Bumrah and Siraj allegedly abused racially, BCCI lodges complaint with match refereetext_fields
Sydney: The BCCI lodged a formal complaint with ICC match referee David Boon after fast bowlers Jasprit Bumrah and Mohammed Siraj were allegedly racially abused by the crowd at the Sydney Cricket Ground (SCG) on Saturday.
A BCCI source told PTI that Siraj was allegedly referred to as a "monkey" by a drunk spectator in one of stands at the Sydney Cricket Ground, reliving the infamous Monkeygate episode of the Indian team's tour of Australia in 2007-08.
According to a report in Australian newspaper, the Daily Telegraph, stated, "It's understood Indian officials say the pair have been abused by members of the public for the past two days, and believe the abuse has been racist in nature... amid suggestions a crowd member at the Randwick end of the ground abused Siraj who was fielding at fine leg at the time."
"In another instance while the match was still continuing, Indian staff walked around behind where Bumrah was standing in the outfield and spoke to the star quick," the report added.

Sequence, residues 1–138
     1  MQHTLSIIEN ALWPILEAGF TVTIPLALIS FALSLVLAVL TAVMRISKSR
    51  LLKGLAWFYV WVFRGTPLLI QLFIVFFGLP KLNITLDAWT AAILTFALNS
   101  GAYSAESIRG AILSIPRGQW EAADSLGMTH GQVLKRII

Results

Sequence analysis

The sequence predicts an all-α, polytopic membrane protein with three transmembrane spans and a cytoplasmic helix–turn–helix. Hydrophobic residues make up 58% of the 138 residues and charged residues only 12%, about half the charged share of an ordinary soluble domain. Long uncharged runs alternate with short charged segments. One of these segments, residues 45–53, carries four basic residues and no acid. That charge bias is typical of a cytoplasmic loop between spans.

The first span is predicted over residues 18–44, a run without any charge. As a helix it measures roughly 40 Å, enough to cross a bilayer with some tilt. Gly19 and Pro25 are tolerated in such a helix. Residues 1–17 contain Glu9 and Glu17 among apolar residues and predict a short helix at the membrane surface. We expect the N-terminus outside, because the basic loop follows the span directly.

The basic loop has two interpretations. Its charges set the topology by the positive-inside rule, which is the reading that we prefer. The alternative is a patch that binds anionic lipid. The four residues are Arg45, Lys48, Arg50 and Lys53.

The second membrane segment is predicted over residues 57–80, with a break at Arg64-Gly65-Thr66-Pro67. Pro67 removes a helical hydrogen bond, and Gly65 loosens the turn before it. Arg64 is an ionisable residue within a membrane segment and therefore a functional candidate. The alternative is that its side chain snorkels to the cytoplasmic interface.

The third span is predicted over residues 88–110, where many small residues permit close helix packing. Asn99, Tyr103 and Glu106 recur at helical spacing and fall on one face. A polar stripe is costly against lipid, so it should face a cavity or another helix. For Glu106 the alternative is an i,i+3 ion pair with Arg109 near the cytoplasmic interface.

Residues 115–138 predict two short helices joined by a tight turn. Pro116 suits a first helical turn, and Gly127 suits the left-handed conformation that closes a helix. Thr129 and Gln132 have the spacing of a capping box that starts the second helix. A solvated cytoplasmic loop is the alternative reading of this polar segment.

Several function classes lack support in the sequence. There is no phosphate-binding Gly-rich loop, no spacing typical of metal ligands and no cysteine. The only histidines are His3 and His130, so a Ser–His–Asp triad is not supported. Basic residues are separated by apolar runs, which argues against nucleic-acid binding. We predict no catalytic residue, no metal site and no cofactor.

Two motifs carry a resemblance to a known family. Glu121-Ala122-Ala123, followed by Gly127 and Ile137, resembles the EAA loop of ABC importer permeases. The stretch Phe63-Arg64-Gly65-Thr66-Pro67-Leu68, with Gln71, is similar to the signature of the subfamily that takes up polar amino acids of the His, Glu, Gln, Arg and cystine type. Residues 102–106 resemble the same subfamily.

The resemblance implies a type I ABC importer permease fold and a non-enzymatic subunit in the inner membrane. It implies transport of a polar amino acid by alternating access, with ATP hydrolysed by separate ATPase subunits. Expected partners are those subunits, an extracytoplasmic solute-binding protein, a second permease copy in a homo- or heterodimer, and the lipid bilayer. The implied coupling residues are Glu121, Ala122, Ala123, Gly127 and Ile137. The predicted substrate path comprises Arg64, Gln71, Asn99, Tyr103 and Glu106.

The International Cricket Council (ICC) and the stadium security officials were involved in a long discussion with Bumrah, Siraj and members of the Indian team management after the end of the third day's play at the SCG.
Ajinkya Rahane, the India skipper, was also seen having a discussion with the security officials.
India had previously been involved in a racism controversy on their tour of Australia in 2008 although in that case, Andrew Symonds had alleged that Harbhajan Singh had called him a monkey which the Indian player and the team denied.
After a courtroom battle, Harbhajan was handed a three-Test ban but he was eventually cleared of the charge.
On the pitch, Australia assumed command of the Sydney Test by ending the third day with a lead of 197 runs. After bundling India for 244, the hosts rode the partnership of Steve Smith and Marnus Labuschagne in the third session.
Steve Smith (29 batting) and Marnus Labuschagne (47 batting) gave an exhibition of how to bat on slow tracks with Australia reaching 103 for two.
(With inputs from agencies)